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The city lost a lot of jobs to COVID-19, but the rebound has been equally dramatic
A cursory look at recent headlines would lead one to believe that there have almost never been more people out of work in the Capital Region: Victoria is seeing the highest unemployment since tourism was decimated by 9/11, it’s grappling with the highest joblessness rate since the Great Depression and even we reported that Victoria has the highest relative unemployment in English Canada. Fortunately, our in-house numbers guru, Leo Spalteholz, is here to set us straight. These are still hard times for Vancouver Island, but they’re not nearly as bad as the data would seem to indicate.
Victoria’s official unemployment rate has been increasing for months now, more than tripling from an ultra-low 3.5% in February to 11% in June. There’s been no shortage of news coverage of this steady march upwards, with gloomy references to depression era unemployment hitting the headlines.
It’s indeed true that during the peak lockdown in April we briefly experienced levels of unemployment not seen since the Great Depression (we estimate 18%). However the reality is that the bounce back has been equally dramatic since then, and by June it had dropped in half.
Back in May we cautioned that the official unemployment numbers were basically useless in terms of measuring the reality of the job market in Victoria. For most cities in Canada, Statistics Canada only releases 3 month averaged data from the Labour Force Survey. That’s not a problem in normal times when unemployment only changes slowly, but when half the economy suddenly shuts down overnight it’s not going to give us useful data. Compounding this is the problem that people quarantined at home aren’t looking for work and thus aren’t counted as unemployed.
To correct for this, we have calculated our effective unemployment rate by looking at the change in the number of people working in each sector in BC and projecting that data onto Victoria. In other words if food service employment declined by 56% in BC from February to April, we assume it declined similarly in Victoria and calculate the effective unemployment rate by applying the change in each sector to the Victoria labour market.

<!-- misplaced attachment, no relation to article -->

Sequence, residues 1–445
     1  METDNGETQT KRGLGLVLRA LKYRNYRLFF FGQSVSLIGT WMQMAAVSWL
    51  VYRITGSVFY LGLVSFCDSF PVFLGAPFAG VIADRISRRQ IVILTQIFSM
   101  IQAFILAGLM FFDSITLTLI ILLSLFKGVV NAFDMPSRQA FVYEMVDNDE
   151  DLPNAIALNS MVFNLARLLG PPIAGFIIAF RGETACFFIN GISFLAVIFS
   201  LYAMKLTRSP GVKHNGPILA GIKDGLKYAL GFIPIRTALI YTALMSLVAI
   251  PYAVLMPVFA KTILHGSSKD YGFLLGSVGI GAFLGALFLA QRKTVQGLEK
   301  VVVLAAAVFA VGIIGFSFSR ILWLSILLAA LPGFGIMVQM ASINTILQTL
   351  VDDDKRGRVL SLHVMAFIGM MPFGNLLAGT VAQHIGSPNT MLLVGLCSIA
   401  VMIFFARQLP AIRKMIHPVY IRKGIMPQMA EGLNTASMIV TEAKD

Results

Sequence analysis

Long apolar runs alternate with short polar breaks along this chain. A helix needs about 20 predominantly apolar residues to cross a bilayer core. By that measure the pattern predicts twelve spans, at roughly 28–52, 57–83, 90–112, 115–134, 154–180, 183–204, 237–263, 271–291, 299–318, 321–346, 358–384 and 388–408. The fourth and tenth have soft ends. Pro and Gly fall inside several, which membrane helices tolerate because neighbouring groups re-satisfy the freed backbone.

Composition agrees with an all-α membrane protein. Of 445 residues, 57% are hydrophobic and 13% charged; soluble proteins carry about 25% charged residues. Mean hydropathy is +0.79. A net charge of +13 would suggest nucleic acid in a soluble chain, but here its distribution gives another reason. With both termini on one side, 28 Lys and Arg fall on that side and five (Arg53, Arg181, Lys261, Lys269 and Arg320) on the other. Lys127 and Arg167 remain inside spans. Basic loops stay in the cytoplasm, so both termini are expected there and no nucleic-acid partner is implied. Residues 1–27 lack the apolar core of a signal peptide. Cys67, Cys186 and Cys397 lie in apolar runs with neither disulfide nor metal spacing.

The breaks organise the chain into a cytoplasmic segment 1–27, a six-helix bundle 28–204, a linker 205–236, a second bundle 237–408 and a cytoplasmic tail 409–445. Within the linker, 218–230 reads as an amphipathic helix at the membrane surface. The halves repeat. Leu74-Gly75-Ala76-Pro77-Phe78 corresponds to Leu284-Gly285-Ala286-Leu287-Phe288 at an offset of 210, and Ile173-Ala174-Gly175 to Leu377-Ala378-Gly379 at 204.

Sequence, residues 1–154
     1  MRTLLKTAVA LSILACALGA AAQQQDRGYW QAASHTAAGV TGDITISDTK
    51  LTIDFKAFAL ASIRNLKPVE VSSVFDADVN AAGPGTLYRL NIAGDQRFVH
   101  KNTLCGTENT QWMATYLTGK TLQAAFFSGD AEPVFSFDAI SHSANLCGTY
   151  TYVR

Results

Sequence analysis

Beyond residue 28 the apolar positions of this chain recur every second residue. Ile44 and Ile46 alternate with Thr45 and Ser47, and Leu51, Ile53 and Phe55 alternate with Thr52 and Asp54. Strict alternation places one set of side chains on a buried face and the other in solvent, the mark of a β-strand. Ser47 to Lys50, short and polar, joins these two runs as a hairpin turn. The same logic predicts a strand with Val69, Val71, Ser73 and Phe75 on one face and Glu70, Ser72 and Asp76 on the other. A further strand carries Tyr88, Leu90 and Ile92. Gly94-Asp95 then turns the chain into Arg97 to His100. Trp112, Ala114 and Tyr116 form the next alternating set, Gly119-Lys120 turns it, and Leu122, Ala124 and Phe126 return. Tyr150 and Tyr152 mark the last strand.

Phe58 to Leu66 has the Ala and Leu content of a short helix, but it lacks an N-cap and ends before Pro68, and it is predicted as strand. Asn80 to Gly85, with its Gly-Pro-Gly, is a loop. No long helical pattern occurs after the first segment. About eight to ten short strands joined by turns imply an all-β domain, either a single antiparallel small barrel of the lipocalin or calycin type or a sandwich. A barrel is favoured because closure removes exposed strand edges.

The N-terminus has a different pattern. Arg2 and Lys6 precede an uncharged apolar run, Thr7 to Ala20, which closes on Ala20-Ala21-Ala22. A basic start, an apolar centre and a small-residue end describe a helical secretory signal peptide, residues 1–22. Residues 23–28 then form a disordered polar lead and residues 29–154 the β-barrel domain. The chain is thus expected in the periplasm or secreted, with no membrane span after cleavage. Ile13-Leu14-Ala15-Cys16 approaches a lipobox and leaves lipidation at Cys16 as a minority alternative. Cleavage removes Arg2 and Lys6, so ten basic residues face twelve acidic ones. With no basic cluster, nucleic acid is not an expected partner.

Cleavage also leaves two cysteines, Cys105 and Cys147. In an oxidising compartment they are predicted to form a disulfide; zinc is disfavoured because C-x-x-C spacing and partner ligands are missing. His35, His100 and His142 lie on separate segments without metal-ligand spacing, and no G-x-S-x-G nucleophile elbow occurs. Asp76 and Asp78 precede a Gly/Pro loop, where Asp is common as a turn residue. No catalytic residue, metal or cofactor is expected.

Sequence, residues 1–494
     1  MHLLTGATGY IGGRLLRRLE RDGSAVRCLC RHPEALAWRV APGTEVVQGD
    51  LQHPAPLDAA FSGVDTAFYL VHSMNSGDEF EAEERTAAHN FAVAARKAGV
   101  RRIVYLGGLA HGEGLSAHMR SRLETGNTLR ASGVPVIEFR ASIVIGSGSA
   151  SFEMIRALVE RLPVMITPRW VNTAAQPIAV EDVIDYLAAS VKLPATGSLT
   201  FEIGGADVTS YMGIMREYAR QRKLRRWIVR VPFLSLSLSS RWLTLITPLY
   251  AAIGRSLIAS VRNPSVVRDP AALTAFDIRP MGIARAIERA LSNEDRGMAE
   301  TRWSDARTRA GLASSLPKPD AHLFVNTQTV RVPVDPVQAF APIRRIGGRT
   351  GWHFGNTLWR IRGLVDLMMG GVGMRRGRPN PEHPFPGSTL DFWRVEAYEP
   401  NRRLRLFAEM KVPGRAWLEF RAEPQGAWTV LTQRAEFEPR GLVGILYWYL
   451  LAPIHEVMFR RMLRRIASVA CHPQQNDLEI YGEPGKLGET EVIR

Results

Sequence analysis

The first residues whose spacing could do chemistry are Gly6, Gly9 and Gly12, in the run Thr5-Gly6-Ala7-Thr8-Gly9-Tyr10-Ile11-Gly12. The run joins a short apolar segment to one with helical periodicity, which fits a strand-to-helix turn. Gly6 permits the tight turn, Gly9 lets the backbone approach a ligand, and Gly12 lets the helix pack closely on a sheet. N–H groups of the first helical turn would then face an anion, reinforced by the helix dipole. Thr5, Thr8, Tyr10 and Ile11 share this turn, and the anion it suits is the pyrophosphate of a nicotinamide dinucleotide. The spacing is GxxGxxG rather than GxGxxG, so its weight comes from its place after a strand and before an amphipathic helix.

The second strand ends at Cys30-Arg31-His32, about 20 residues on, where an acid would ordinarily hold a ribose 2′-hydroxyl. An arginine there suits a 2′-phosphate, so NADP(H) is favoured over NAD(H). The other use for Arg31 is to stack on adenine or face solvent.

By our estimate, Victoria lost about 29,700 jobs during this pandemic, but has already gained back nearly 18,000 of them by June.
The employment hit has been anything but equal. Tech jobs barely budged and are now above pre-pandemic levels. Same with construction and public administration which benefited from being able to continue during the lockdown and public administration. But there are still thousands of jobs missing in the accommodation, food, service and support industries.
The good news then is that most who lost their jobs in April have already gotten them back. The bad news is that the employment recovery from here on out will slow down dramatically. Some parts of the economy and the associated jobs will take much longer to return, with tourism being a prime candidate, as well as anything tied to discretionary spending. Government income supports which so far have papered over the loss in labour income are scheduled to expire this year, which will inevitably lead to a reduction in consumer spending. That means despite our rapid progress so far, we very likely won’t be returning to our previously ultra-low unemployment levels for several years to come.